Sakura Matsuri Stockholm – Cherry Blossom Festival
Every year there is a cherry blossom festival (“Körsbärsblommans Dag”) in central Stockholm, Sweden, organized by the Japanese Association. For the public, it’s a lovely tradition to go there every year and experience a little bit of the hanami spirit even though Sweden is far away from Japan. This year the cherry trees were just beginning to flower and it was a nice sunny day. The festival was packed with people, it seems to become more and more popular each year.
A taste of traditional Japan
During the festival there were lots of stalls where you could see some of the traditional side of Japan.
Furoshiki – traditional wrapping cloth you use to wrap your gifts or goods in. Both sides of the fabric are decorated with beautiful colours and patterns.
Bonsai – Growing trees in small pots to make them grow into miniature size. The bonsai trees come from the Swedish bonsai association club, bonsaisallskapet.se. Even though none of the trees were for sale, the club members that had brought them along were very happy to talk about all things bonsai.
Origami – Folding paper and sculpturing it into shapes.
Shodō – Japanese calligraphy. This seemed to be one of the more popular stalls, where you could get your own zodiac animal sign in calligraphy, beautifully hand painted.
Kimono – A traditional Japanese garment. At the festival you could try it on to see what it’s like to wear. This was another one of the stalls that we had seen before which seemed to be very popular. We also saw lots of people walking around with kimono and yukata.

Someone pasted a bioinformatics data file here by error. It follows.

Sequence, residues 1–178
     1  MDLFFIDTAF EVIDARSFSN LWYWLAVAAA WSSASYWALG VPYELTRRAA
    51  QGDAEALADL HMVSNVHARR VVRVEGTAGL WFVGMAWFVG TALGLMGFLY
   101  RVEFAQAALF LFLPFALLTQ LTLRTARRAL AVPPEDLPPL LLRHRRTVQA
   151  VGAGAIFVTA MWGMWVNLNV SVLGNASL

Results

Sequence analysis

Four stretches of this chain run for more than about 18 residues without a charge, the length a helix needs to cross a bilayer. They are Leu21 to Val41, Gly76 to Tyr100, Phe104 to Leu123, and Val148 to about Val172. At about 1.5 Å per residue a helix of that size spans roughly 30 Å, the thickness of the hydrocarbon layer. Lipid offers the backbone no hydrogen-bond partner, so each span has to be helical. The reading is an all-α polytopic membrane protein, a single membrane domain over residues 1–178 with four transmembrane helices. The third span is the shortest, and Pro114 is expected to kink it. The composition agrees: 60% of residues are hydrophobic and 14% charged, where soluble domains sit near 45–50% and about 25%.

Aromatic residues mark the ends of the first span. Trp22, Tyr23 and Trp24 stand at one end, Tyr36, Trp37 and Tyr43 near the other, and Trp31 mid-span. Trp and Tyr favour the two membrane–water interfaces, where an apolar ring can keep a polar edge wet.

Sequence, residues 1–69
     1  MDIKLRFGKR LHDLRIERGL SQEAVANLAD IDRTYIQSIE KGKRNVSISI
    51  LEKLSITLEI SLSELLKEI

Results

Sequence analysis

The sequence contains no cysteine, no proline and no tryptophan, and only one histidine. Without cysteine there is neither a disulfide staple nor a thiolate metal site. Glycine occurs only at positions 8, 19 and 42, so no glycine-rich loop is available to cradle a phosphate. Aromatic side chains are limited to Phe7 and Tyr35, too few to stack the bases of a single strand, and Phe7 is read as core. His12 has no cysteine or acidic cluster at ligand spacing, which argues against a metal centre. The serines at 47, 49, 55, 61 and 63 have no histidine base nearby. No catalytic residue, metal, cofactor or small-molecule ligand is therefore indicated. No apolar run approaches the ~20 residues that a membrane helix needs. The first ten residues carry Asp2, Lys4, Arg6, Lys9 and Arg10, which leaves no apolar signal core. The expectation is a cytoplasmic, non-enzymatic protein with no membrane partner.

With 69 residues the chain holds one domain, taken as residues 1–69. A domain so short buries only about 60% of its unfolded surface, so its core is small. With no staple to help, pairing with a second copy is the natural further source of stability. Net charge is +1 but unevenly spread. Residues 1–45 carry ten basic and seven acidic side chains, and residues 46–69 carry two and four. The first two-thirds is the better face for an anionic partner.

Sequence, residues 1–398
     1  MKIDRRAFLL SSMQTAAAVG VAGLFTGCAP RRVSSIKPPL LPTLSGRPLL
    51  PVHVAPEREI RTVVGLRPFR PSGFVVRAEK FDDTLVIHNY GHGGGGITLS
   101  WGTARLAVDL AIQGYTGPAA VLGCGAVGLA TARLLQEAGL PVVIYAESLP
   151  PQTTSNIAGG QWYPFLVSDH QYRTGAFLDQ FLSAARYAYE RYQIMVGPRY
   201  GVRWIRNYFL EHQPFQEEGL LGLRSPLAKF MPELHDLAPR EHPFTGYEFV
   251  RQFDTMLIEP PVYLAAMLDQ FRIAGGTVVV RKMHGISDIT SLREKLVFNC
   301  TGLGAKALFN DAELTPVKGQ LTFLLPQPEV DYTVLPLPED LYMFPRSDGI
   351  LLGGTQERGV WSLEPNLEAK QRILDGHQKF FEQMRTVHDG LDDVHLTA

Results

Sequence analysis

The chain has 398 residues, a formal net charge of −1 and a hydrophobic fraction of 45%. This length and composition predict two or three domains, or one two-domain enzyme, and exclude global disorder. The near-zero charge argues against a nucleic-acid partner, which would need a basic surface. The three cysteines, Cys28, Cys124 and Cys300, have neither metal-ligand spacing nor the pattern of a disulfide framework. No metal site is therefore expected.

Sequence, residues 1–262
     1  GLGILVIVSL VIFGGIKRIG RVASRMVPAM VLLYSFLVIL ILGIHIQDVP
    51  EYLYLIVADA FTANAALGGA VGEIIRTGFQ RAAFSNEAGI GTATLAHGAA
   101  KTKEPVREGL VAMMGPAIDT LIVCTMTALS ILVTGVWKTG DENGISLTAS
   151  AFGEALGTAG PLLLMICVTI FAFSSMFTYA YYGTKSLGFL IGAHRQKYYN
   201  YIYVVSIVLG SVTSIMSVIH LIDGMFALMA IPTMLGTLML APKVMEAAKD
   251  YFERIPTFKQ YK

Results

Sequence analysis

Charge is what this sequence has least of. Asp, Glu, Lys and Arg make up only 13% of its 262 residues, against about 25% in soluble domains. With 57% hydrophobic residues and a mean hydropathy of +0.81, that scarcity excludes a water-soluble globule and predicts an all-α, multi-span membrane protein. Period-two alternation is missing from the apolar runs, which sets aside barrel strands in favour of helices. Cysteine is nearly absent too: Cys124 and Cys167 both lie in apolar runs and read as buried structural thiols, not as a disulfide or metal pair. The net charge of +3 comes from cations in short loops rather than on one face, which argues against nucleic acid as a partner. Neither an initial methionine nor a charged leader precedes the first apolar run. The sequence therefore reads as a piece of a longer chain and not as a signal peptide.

Ikebana – Flower arrangement art.
Karuta – A Japanese card game.
Food stalls, Japanese goods and more
There were also several food stalls where you could buy bento, onigri, kimchi, macha cakes, sushi, noodles and lots more.
Bon Aibon are Japanese sweet cakes made by Ai Ventura, who also sells her cakes at the cafe Kikusen in Östasiatiska Museet in Stockholm.
The food stalls were really popular at the festival with some of the stalls having very long queues.
The Swedish manga association also had a stall, showing off lots of different manga books.
Sunai Japan Shop had a stall with stationary, magazines and bento boxes for sale.
Selmish was there, selling packets of Japanese treats and more.
It was also great to see a lot of our favourite dog breed, the shiba inu, which were all walking around very proud.
The Japanese Association of Stockholm is a great site to check for other Japanese events in Sweden.
We have posted lots of other articles about hanami over the years. They can all be found by clicking the following link: hanami